Measures to suppress voter turnout
Georgia got on the band wagon early. We’ve had a voter ID law since 2006 which requires voters to show specific photo identification when voting in person.
At least a dozen other states have passed similar photo ID legislation amid proclamations it will prevent voter fraud. However, the GOP’s crusade for voter ID laws has recently been revealed for what it really is – an attempt to disenfranchise Democratic voters, primarily poor people and minorities. Last month, the majority leader of the Pennsylvania House of Representatives, Mike Turzai, addressed a meeting of the Republican State Committee, and listed for them the recent accomplishments of the GOP controlled legislature. Triumphantly, he stated, “Voter ID, which is gonna allow Governor Romney to win the state of Pennsylvania — done.”
Pulitzer Prize winner Eugene Robinson commented on the incident in the Washington Post, “That’s not even slightly ambiguous. The Democratic presidential candidate has won Pennsylvania in every election since 1992. But now the top Republican in the Pennsylvania House is boasting that, because of the new voter ID law, Mitt Romney will defy history and capture the state’s 20 electoral votes in November.”
Voter ID laws are a solution in search of a problem. The simple truth is there’s virtually no fraud to eliminate. The Justice Department under George Bush conducted an extensive, nationwide, five-year probe of voter fraud, and ended up convicting a grand total of 86 individuals, according to a 2007 New York Times report. Not a single case involved the only kind of fraud that voter ID could theoretically prevent: impersonation of a registered voter.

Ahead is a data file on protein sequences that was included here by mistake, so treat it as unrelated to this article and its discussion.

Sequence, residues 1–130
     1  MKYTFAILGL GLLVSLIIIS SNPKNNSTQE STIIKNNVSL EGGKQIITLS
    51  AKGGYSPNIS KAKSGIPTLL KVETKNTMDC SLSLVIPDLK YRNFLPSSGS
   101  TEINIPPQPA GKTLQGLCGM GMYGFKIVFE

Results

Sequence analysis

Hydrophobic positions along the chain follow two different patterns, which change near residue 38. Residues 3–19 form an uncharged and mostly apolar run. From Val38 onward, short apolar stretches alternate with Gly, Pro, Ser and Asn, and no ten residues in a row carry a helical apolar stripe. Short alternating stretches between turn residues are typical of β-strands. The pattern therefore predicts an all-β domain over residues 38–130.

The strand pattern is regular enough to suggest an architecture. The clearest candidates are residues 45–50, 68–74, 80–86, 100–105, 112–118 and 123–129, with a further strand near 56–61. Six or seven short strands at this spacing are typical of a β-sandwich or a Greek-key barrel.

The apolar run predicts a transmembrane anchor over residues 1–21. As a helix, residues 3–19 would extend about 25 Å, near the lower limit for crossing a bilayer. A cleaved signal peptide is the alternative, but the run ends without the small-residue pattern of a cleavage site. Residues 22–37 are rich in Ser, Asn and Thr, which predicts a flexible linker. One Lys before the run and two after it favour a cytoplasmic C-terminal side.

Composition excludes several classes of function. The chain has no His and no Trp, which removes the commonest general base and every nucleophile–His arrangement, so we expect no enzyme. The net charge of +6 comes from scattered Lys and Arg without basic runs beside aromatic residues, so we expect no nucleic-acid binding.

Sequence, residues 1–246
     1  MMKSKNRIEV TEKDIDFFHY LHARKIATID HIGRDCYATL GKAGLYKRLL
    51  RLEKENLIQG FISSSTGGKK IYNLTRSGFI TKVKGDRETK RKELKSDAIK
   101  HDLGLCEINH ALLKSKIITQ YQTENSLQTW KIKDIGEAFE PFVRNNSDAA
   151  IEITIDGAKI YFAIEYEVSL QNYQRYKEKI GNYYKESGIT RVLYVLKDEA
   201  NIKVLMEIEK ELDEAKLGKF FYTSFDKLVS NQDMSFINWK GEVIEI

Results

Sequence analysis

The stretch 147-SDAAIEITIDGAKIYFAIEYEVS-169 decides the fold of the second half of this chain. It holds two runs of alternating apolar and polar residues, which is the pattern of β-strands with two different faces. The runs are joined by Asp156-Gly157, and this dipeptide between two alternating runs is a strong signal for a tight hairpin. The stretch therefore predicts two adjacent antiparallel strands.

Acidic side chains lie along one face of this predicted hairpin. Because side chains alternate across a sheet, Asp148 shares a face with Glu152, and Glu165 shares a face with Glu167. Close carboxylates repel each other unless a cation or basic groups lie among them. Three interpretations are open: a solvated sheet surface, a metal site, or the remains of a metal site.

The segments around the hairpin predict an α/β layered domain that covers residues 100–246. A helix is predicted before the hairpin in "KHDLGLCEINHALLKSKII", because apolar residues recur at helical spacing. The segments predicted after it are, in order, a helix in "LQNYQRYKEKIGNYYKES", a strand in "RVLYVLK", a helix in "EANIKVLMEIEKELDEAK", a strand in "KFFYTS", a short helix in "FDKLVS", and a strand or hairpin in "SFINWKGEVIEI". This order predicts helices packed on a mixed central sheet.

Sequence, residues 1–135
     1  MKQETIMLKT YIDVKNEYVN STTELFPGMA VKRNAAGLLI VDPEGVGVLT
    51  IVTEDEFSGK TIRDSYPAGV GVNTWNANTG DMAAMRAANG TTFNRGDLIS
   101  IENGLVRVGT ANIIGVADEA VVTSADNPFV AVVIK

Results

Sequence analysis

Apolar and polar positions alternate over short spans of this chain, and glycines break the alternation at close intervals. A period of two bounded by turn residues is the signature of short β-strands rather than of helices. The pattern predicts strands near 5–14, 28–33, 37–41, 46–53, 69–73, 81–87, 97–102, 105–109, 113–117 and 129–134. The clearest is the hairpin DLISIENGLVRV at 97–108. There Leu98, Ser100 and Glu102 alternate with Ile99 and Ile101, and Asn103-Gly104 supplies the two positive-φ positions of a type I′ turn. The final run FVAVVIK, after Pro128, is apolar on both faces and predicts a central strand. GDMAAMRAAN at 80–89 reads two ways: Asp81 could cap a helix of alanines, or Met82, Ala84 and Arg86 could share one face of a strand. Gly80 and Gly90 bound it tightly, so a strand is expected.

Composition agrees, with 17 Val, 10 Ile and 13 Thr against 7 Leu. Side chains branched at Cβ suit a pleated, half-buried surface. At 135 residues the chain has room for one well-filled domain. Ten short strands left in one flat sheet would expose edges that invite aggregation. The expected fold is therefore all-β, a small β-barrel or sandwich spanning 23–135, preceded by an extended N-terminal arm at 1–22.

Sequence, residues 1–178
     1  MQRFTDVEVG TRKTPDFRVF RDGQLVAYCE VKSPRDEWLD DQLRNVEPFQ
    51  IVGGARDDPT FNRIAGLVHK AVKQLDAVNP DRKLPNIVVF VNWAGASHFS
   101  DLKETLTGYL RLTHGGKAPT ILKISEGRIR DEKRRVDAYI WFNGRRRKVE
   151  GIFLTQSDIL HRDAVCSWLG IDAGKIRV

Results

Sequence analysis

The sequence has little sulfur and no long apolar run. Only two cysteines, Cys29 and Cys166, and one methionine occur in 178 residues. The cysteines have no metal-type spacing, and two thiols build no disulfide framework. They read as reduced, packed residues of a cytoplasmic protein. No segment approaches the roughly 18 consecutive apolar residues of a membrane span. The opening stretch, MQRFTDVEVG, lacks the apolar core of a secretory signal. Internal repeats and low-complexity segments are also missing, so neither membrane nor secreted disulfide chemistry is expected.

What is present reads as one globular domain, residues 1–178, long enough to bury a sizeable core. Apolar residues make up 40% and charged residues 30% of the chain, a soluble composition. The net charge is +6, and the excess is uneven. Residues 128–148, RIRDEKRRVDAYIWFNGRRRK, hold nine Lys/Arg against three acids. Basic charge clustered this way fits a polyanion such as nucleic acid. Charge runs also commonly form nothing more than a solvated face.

Most cases were of the type recently uncovered in Brooks County, where 12 former county officials were indicted. The suspects are accused of illegally helping people vote by absentee ballot. State officials launched an investigation after an unusually high number of absentee ballots were cast in the July 2010 primary election, and the defendants include some workers in the voter registrar's office and some school board members.
Voters most affected by the new laws are those without driver’s licenses or other photo ID and live in urban areas — where poor people and minorities tend to live. As Robinson put is, “The problem seems to be that too
many of the wrong kind of voters — low-income, urban, African American, Hispanic — are showing up at the polls. Republican candidates have been vowing to ‘take back’ the country. Now we know how.”
In an editorial on the subject, the Washington Post said, “A flurry of activity in state legislatures across the country is threatening to make it more difficult for people to vote. These Republican-sponsored measures move the nation in the wrong direction. Are states better served if they protect the fundamental, constitutionally sanctioned rights of tens of millions of voters, or if they discourage voting in order to forestall a handful of fraud allegations each year? We would submit the former. Moreover, potentially vulnerable voters exist across party lines.”
As the Washington Post concluded in another recent editorial, “Voter IDs do more to inflict harm on democratic rule, wittingly or not, than they do to strengthen it. (These) types of measures will dampen participation in a chilling way.”
Celia Murray is a member
of the Morgan County
Printed in the July 26, 2012 edition.